January 27, 2022


To Get By

In my years of speaking French, this phrase has been liberally applied to many scenarios, like when something is difficult, but on ‘se débrouille,’ or when there isn’t enough to go around but still, on ‘se débrouille,’ and when needing help with an onerous task, but left to work alone, ‘on se débrouille.’

In the case of Paul Mwingwa and his family, ‘se débrouiller’ has become their motto of dedication to their own success and integration. When forced to make the difficult decision to flee their home in the Democratic Republic of the Congo, when facing scarce resources in a refugee camp, and very little help in starting over in a new country, speaking a new language, and adapting to a new culture in Montana, Paul and his family ‘se débrouillent’ beautifully. Their story has reminded me of the grit and determination that are the foundations of the best countries, and an example of perseverance in establishing oneself. Working with newcomers is a constant reminder of the potential joy that comes from hard work, accomplishment, friendship, sharing, and self-actualization.”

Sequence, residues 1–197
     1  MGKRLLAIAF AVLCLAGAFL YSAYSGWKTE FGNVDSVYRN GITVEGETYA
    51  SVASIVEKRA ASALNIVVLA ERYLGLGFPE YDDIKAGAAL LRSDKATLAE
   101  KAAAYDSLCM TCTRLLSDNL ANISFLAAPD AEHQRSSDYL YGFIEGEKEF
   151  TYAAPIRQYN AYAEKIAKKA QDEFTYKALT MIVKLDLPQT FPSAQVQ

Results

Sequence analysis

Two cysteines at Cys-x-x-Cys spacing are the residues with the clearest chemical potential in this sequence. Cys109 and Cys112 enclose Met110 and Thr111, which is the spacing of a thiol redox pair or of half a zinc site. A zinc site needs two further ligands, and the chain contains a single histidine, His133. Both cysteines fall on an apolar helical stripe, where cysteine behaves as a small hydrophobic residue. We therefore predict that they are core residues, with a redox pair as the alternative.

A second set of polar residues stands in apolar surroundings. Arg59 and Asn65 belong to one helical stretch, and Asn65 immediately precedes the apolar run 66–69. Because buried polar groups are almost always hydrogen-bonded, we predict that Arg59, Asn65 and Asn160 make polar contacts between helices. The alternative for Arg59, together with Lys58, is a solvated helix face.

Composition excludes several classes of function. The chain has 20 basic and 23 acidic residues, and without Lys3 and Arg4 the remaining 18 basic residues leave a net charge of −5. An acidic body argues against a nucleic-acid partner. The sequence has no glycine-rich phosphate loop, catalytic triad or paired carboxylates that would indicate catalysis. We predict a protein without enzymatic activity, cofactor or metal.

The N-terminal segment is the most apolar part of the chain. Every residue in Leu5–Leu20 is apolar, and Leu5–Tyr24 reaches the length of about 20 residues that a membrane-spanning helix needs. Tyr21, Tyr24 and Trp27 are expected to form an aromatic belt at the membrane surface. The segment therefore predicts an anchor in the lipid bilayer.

This was my introduction to Paul Mwingwa’s story. The beginning of our friendship happened last year when I met Paul during Advocacy Days with Montana Legislative Representatives, Jon Tester, Steve Daines, and Matt Rosendale. Paul and I met during our preparation meetings, worked on meeting strategies, and then worked as a team with IRC representatives to present the case for supporting a higher presidential determination number and a faster road to citizenship for new Americans.

Our friendship in Advocacy Days resulted in an invitation to conduct an interview and meet Paul’s amazing wife and three darling daughters. I learned a lot about their family dynamics and personal philosophy of chipping away at every problem of resettlement with the concept of “se debrouiller.” Little by little Paul and his wife have moved their family forward in work, schooling, and integrating into their community. They adapted to the bitter cold and snow of Montana winters and kept working even if it meant walking miles in the snow. They saved and patiently waited for years to build their credit to buy a home (I received the invitation to their house warming party in August). They have ‘Se débrouiller’ for their own integration, then turned their work ethic for helping incoming refugees; knowing the Mwingwa family is a privilege.

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